A lawyer by occupation, he was the second French Canadian to be prime minister. He was a leading figure in the establishment of a UN military force. As a strong Canadian Nationalist,  his government oversaw the creation of the Trans-Canada Highway, the St. Lawrence Seaway and the Trans-Canada Pipeline. He was popular with the media because of his appeal the common folks. He was a leading proponent to the creation of NATO., and was a staunch supporter of universal healthcare.

John Diefenbaker

John Diefenbaker

He was a noted criminal defense attorney before going into politics. He appointed the first female minister in Canadian history to his cabinet. He was also a Nobel Peace Prize winner.

Lester B. Pearson

Lester B. Pearson

He was a scholar, diplomat, statesman and soldier, and won the Nobel Peace Prize. His government launched universal health care,  the Canada Pension Plan, and the Canada Student Loan Program. His government oversaw the creation of the Canadian maple leaf flag, and kept Canada out of the Vietnam war.

Pierre Trudeau

Pierre Trudeau

Canada’s third longest-serving Prime Minister, he was an a prominent activist, lawyer,and Quebec intellectual. His charm and flamboyant behavior with the media gave birth to “Trudeaumania”. He was a polarizing figure in Canadian politics, people liked him or hated him. Trudeau kept Quebec from separating from Canada and patriated Canada’s constitution and established the Canadian Charter of Rights and Freedoms.

Joe Clark

Joe Clark

An unassuming man, Joe was a writer, businessman, statesman and politician, he was the youngest person to be prime minister for an albeit brief term. Because of his minority government he was unable to accomplish much, his term was cut short when parliament rejected the budget, but they did get in the Freedom of Information Act.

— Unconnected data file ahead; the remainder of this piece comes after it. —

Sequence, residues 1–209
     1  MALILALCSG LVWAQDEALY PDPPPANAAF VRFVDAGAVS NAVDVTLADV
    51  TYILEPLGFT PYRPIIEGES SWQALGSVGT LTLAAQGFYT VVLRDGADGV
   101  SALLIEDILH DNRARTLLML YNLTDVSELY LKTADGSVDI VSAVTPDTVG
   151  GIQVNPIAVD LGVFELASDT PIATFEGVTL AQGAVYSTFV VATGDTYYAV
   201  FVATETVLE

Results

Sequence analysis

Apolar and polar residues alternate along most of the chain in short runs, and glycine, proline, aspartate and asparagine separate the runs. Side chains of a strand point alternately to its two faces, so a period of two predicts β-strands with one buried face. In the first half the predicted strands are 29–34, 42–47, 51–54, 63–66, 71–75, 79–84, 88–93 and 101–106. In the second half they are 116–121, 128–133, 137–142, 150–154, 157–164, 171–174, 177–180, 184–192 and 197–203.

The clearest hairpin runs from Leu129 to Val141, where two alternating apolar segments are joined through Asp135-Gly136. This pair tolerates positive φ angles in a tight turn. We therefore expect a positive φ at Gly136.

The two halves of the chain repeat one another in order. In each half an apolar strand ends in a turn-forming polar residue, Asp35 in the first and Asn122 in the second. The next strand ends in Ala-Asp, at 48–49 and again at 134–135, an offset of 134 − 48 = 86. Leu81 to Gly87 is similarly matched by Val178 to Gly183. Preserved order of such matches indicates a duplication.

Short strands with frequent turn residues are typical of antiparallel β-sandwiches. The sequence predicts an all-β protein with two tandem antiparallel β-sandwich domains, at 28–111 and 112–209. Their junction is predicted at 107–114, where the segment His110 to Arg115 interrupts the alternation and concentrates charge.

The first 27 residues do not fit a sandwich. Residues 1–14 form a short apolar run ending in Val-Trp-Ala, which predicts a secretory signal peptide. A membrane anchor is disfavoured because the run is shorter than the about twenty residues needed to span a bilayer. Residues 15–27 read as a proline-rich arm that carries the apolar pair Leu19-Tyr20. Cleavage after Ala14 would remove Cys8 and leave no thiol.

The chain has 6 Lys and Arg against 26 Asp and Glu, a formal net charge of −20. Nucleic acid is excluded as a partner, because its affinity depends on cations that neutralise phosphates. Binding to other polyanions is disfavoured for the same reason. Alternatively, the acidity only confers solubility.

John Turner

John Turner

John was a lawyer and politician who held the office of prime minister for only 79 days,  the second shortest tenure in Canadian history. He started a stir in the media over his relationship with Princess Margaret.

Brian Mulroney

Brian Mulroney

Known for the Canada-U.S. free trade agreement, and the introduction of the GST, his government also privatized a lot of the Crown Corporations. The 211 seats won in the 1984 election was the largest majority a Canadian party has ever held. His government passed the Canadian Environmental Protection Act. In his second term, his popularity waned, with a struggling economy  and he resigned and Kim Campbell was appointed.

Kim Campbell

Kim Campbell

A writer, lawyer, diplomat and politician, she is the first and only Canadian female prime minister. Her term was the third shortest in Canadian history, likely because the lack of popularity the Conservative party had at the time. She’s had some controversy, where she posed in a suggestive photo, and after her career when she publicly stated that she hopes hurricane Dorian would hit Donald Trump’s Florida estate.

Jean Cretien

Jean Chrétien

Jean was a lawyer and politician from Shawinigan, Quebec, and he phrased himself as the “little guy from Shawinigan”. He choked a anti-poverty protester at a National Flag of Canada Day, and earned a misnomer “the Shawinigan handshake”. His government passed bills for the Canadian Environmental Protection Act, the Pest Control Products Act, and the Species At Risk Act. He was a colorful character popular across the country.

Paul Martin

Paul Martin

A lawyer, author and politician, he led a minority government that only lasted a few years. Likely caused by controversies like the Sponsorship scandal, and his reluctance to pass a bill to legalize same-sex marriage across Canada. He’ll likely be remembered for eliminating the federal deficit as finance minister.

Stephen Harper

Stephen Harper

Serving almost a decade as prime minister, he’s credited with reducing taxes and keeping the economy alive during a recession. But the prolonged recession made voters weary and eager for change. He reduced the GST from seven to five percent, and greatly reduced government spending helping Canada come out of the recession relatively stable.

Justin Trudeau

Justin Trudeau

The second youngest and only prime minister serving that is the child of a former prime minister. He moved the liberals from 36 seats to 184, the largest increase in Canadian politics. He brought about the Cannabis Act and initiated the Carbon Tax.